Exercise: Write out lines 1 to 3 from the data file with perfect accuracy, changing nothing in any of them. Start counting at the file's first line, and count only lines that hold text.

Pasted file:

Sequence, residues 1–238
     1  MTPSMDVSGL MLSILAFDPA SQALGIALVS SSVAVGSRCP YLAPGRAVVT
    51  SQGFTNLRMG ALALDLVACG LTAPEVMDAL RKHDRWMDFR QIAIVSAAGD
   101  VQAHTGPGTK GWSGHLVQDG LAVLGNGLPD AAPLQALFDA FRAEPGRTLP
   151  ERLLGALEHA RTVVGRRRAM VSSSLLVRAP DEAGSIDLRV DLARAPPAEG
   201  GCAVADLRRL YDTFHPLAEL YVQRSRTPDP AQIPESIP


Sequence, residues 1–238
     1  MTPSMDVSGL MLSILAFDPA SQALGIALVS SSVAVGSRCP YLAPGRAVVT
    51  SQGFTNLRMG ALALDLVACG LTAPEVMDAL RKHDRWMDFR QIAIVSAAGD